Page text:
Jav’s place was by no means an exception to the rule. Dozens of homes in that town boasted similarly impressive decors. Nor was La Fuente special in that sense. If you penetrate the town line of La Seca in Valladolid, your first inclination is to execute a three-point turn and depart as soon as possible. On a Friday night it can appear so desolate that you might think that the place was three deaths away from becoming a ghost town. What most newcomers don’t realize is that they are parked above one of the nation’s largest white wine reserves, and taking a jack hammer to the pavement would most likely provoke a golden-green tinted gusher a hundred feet high. The town is practically floating on vino. This is the home of the evermore popular Verdejo white wine of the Rueda region. Here, many residents may give the appearance of modesty, they often look just a notch above a homesteader, but they are so filthy rich they don’t know what to do with their money. The fact that their homes have a tendency to look like county jails rather than mansions has more to do with the fact that the Castilian mentality is not fond of ostentation. A stroll around the El Escorial palace built at the height of Spain’s empire should help illustrate that. It also helps keep everyone in the dark on just how much you have.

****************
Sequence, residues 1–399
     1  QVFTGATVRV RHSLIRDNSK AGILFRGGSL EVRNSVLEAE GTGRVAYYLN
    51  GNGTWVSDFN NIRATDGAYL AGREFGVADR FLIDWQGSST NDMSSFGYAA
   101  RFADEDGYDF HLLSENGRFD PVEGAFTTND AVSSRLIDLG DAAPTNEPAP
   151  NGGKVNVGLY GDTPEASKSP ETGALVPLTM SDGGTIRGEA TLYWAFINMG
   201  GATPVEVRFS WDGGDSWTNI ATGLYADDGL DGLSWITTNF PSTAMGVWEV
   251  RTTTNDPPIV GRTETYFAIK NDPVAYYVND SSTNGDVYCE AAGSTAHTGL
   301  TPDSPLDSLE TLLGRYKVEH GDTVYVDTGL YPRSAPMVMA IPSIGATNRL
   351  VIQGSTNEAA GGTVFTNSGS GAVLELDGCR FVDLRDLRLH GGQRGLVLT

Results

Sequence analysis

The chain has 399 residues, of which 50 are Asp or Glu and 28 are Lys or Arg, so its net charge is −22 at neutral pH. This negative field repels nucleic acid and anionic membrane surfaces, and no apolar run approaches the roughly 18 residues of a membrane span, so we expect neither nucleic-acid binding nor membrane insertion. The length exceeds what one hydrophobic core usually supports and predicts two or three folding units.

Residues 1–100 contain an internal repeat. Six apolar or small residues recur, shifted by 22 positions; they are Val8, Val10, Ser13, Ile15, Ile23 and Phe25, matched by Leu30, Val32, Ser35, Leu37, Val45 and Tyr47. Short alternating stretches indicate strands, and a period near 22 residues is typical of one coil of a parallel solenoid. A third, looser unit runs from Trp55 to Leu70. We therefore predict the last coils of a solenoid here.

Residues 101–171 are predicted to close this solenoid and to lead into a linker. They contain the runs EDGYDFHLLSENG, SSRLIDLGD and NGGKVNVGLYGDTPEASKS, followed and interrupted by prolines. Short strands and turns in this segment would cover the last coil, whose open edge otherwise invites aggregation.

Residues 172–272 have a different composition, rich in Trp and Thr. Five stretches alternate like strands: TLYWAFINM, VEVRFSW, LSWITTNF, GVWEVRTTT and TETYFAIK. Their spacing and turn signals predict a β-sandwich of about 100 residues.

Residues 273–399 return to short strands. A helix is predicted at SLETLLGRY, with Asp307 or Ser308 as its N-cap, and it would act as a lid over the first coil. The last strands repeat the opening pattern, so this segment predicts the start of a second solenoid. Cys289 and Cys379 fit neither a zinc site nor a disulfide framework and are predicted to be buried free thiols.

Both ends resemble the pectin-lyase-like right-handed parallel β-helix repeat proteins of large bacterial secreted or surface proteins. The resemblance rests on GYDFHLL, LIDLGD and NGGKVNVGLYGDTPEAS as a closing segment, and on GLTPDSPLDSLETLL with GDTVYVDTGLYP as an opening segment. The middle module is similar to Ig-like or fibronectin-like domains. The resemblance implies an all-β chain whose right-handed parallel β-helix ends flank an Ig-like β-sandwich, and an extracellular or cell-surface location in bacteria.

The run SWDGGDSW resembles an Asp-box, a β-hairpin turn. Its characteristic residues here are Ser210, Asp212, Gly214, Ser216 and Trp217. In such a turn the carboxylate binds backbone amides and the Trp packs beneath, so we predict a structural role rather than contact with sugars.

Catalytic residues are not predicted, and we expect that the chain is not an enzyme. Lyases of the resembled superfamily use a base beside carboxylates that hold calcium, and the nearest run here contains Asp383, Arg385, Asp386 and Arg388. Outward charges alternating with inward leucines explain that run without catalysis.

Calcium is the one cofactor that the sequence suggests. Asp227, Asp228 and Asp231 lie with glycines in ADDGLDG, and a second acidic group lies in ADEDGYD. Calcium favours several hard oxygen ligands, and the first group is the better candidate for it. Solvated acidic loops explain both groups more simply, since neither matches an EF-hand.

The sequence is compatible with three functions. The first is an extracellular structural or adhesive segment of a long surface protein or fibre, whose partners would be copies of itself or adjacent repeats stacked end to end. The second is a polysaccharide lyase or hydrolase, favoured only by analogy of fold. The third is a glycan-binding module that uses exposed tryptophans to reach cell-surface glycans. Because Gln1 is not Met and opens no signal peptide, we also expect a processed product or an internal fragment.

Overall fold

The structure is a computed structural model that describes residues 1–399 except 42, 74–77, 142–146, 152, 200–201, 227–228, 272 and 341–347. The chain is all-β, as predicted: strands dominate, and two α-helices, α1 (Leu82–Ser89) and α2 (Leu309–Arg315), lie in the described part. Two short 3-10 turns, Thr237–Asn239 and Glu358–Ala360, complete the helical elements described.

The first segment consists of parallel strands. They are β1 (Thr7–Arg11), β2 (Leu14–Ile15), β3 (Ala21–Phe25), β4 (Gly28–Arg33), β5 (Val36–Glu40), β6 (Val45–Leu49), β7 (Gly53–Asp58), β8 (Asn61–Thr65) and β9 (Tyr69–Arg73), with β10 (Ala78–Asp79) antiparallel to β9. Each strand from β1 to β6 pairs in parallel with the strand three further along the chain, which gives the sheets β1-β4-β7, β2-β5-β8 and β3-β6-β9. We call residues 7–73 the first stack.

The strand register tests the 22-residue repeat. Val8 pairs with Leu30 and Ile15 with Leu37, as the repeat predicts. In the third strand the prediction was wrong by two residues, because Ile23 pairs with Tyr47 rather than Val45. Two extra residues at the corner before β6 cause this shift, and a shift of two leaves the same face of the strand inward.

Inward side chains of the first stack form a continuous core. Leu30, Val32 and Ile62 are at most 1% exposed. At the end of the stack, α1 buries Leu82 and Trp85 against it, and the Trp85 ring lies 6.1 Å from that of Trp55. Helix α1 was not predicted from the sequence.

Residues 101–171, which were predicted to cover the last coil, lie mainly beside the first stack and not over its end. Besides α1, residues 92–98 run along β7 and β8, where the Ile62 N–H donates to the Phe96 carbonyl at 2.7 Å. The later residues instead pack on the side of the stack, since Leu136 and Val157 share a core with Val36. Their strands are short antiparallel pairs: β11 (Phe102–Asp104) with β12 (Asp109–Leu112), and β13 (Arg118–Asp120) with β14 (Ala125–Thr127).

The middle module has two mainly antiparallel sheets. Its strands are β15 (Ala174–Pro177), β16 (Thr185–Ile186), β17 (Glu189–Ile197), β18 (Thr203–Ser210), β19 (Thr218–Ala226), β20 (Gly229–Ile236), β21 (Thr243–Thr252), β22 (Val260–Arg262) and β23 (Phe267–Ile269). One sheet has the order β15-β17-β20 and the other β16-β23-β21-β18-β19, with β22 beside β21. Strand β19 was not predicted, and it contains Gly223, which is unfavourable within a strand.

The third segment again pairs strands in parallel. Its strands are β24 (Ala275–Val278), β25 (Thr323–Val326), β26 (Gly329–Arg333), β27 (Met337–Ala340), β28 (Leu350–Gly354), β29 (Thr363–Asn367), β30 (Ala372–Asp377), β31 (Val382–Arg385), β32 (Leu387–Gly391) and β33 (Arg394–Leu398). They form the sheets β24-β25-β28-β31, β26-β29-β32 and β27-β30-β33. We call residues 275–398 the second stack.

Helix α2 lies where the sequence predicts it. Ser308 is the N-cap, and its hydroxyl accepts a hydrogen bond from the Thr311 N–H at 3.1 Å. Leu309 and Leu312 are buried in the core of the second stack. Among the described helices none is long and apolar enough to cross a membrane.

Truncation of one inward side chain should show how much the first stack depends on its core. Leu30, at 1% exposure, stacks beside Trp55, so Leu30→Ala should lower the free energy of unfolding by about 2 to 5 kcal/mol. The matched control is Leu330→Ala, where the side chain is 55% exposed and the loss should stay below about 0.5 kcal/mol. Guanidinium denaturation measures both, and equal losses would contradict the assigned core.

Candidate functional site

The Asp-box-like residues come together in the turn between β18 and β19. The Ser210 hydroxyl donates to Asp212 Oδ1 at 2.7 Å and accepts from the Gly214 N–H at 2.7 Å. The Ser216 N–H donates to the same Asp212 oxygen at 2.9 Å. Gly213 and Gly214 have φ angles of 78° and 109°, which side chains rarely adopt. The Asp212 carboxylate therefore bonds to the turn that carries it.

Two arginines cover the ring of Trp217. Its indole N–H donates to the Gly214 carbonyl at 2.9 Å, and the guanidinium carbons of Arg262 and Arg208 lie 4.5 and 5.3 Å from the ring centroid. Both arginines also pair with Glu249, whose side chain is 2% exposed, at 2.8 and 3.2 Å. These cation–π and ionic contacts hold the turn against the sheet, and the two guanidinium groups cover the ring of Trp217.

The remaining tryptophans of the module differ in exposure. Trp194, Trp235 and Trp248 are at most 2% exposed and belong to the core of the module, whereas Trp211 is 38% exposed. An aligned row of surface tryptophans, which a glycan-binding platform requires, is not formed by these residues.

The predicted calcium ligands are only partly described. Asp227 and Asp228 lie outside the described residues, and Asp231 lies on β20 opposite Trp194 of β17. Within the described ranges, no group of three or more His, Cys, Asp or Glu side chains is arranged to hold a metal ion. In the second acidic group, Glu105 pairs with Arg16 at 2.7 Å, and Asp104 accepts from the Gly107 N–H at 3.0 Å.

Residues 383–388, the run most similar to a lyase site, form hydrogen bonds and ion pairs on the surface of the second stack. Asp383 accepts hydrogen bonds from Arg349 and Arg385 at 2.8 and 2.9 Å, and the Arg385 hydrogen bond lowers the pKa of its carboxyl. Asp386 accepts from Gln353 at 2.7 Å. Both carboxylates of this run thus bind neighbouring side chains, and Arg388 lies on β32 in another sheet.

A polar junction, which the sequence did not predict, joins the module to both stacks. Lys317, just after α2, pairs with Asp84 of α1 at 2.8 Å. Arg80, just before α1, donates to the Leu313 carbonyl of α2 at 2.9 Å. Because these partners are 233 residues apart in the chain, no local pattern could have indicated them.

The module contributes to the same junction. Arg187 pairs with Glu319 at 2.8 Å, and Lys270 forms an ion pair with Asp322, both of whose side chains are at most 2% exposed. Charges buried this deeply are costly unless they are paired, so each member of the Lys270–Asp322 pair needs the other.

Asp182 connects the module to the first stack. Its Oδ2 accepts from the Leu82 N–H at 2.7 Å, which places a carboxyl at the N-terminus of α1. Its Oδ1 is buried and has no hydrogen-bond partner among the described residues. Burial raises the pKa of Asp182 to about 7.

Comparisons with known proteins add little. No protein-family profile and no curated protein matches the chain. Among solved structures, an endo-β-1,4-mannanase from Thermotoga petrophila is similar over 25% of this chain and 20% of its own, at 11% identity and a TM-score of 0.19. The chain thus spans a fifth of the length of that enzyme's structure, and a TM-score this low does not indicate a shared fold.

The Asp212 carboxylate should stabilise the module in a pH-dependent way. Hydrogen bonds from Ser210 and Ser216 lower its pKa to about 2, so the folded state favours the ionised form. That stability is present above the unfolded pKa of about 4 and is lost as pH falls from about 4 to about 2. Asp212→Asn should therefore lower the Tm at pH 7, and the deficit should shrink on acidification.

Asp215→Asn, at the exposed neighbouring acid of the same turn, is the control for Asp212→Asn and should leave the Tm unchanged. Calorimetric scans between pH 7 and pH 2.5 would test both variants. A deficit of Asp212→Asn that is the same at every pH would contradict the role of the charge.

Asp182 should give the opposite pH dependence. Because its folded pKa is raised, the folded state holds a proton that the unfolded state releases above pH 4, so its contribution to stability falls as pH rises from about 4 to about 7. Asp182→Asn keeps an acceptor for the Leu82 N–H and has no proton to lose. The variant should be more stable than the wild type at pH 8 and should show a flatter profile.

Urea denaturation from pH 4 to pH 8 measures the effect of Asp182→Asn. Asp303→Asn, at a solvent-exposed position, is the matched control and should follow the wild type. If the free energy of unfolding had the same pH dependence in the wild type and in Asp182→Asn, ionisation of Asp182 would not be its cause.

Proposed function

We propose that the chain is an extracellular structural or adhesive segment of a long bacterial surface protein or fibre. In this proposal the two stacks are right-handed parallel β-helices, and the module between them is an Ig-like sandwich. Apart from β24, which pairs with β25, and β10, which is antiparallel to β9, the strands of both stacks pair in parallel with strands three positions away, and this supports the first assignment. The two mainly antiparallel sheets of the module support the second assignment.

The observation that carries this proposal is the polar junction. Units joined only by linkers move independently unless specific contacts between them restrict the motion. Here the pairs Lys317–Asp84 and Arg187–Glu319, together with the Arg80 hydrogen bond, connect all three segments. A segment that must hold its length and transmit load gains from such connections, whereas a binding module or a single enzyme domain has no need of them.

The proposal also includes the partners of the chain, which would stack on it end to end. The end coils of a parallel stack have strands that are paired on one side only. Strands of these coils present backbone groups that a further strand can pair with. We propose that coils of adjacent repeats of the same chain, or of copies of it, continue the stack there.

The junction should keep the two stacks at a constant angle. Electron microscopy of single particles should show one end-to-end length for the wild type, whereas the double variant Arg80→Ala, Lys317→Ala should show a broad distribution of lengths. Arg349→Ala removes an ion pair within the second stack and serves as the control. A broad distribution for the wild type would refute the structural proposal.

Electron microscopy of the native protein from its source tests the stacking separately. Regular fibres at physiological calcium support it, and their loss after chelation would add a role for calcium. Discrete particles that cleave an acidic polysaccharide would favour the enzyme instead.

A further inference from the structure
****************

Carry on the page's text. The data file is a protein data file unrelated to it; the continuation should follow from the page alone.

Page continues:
In any event, in search of some bread as well as a little culture, Julia and I walked up to the tahona. The streets of La Fuente de Pedro Naharro, like so many of these towns, have little to offer the tourist aesthetically, at least on the surface. Yet, it is the very simplicity of the walls, entrances, windows, colors and pavements, it is their almost total lack of charm which, in my opinion, gives them a charming authenticity that is worth taking a second and third look at. I just find these town irresistable. When I say these things, people sometimes look at me the way they do individuals who sit on street corners an bark like a dog, but I can’t help it. La Mancha is so alluring it’s almost hypnotizing. Javi would later ask me why I take pictures of tired tobacco stores and weathered frameless windows, and I told him, “because this is the invisible Spain I love so much. These are the minor details that are so much a part of this culture that we, and especially you, see every day but no longer bother to see anymore.”